By Jeremy Woo
The University of Calgary’s residence facilities will soon undergo major expansion under a new residence master plan.
The new plan, which was approved by the U of C’s Board of Governors, will cost an estimated $240 million over 15 years.
The main goals are to expand residence capacity and improve the quality of life for students living on campus, according to executive director of Residence and Ancillary Services Voula Cocolakis.
Phase one of the plan will be completed by June 2015 and will include a new undergraduate building for upper-year students, a new graduate student building and an additional 580 beds.
Also part of the plan is the decommissioning of the Olympic legacy residences, more programming to support student academics, an outdoor plaza between the residences and potentially an outdoor skating rink, according to Cocolakis.
June 2019 will see another new graduate student residence building, followed in 2021 by a 480-bed first-year student building. Cascade Hall renovations are the final phase of development in 2026.
“More students will be able to be a part of a strong, very supportive community,” said Cocolakis of the new construction. “It’s all about the community built within residences.”
According to Cocolakis, the plan is part of the U of C’s Eyes High strategy, with the goal of increasing on-campus housing capacity from 8 per cent of the undergraduate population to 15 per cent. The benefits of residence life have fueled the need for more on-campus housing.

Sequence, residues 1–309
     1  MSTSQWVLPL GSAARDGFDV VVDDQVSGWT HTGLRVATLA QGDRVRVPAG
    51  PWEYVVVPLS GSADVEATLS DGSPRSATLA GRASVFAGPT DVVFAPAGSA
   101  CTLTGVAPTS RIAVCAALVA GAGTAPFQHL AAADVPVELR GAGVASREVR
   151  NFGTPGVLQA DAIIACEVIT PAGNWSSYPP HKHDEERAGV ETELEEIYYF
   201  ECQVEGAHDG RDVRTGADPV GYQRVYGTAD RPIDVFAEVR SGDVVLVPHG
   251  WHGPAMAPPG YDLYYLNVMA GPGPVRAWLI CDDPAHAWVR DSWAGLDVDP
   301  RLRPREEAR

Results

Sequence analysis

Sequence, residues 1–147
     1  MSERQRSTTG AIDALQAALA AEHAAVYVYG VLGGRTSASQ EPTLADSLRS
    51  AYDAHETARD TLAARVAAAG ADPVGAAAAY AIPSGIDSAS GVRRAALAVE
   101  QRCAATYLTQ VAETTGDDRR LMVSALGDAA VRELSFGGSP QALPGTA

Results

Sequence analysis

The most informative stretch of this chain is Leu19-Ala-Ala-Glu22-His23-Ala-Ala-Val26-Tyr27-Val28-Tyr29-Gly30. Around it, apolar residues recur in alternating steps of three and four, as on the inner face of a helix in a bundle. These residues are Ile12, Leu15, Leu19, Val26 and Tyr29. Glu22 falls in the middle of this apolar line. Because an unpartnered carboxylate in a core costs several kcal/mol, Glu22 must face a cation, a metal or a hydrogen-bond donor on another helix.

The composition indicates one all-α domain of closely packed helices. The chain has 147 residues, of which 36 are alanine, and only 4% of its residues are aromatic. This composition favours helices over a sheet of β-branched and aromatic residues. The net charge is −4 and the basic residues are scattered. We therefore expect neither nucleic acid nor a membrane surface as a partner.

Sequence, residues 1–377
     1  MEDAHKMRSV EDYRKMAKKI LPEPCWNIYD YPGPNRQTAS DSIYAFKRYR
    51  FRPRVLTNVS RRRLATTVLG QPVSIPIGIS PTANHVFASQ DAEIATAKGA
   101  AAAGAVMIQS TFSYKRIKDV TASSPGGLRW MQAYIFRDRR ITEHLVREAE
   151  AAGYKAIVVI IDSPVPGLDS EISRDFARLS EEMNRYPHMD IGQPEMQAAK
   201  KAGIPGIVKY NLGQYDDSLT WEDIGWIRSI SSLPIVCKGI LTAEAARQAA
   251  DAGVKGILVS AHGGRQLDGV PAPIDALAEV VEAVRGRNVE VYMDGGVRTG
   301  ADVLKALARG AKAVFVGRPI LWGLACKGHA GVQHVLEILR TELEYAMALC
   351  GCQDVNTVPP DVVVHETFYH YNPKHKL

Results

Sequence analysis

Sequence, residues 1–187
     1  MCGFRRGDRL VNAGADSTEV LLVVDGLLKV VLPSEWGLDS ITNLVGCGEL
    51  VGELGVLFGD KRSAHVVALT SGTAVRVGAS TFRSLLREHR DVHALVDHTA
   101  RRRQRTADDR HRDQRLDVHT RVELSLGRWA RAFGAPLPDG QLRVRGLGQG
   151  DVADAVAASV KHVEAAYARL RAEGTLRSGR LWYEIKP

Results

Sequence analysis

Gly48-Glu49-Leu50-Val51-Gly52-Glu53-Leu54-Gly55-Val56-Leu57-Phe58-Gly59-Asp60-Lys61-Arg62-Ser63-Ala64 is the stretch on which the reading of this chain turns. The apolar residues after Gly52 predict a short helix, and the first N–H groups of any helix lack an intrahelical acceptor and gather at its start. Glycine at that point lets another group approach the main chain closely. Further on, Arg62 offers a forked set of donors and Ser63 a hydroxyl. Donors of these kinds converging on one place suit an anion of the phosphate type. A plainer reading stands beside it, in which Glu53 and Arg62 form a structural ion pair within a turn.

“Residence is not just a place to live,” said Cocolakis. “We know it has a significant impact on retention and the academic success of our students.”
First-year business major David Zuo lives in residence.
“The benefits outweigh the disadvantages,” said Zuo. “You don’t have to spend as much time on the road.”
However, Zuo said that improvements could be made to residence buildings.
“The dorms can be renovated and made larger,” said Zuo.
Students’ Union vice-president student life Hayley Wade agrees with the new residence master plan.
“Improving how many students are able to live on campus will really help. Students living on campus really get to engage with other students,” said Wade.
The SU has plans to voice the opinions of students living on residence, as consultation efforts are in the beginning stages.
“We feel it’s very important that students are consulted,” said Wade. “We have been working not only with the Resident Students’ Association but Residence and Ancillary Services to ensure that students are fully consulted to make sure that feedback is heard and incorporated into future planning of these buildings.”
The SU is currently compiling a document to submit to Residence and Ancillary Services that incorporates student feedback and what students would like to see in the plan, according to Wade.
Students living in residence will not be affected by new construction on campus.
“Our current buildings will not be affected in any way,” said Cocolakis, ensuring that residence life would not be interrupted.
“I’m excited about the fact that we’re looking at increasing the residence population because I know what a significant impact it has on the student experience on this campus,” said Cocolakis.
Fourth-year Canadian studies student Karisa Richardson, who lives in Cascade, said the main issue with residence is basic maintenance.
“I think that’s my biggest complaint, that things are broken when you get there and that they’re not clean,” said Richardson.
She said an overhaul could be beneficial if money was allocated properly.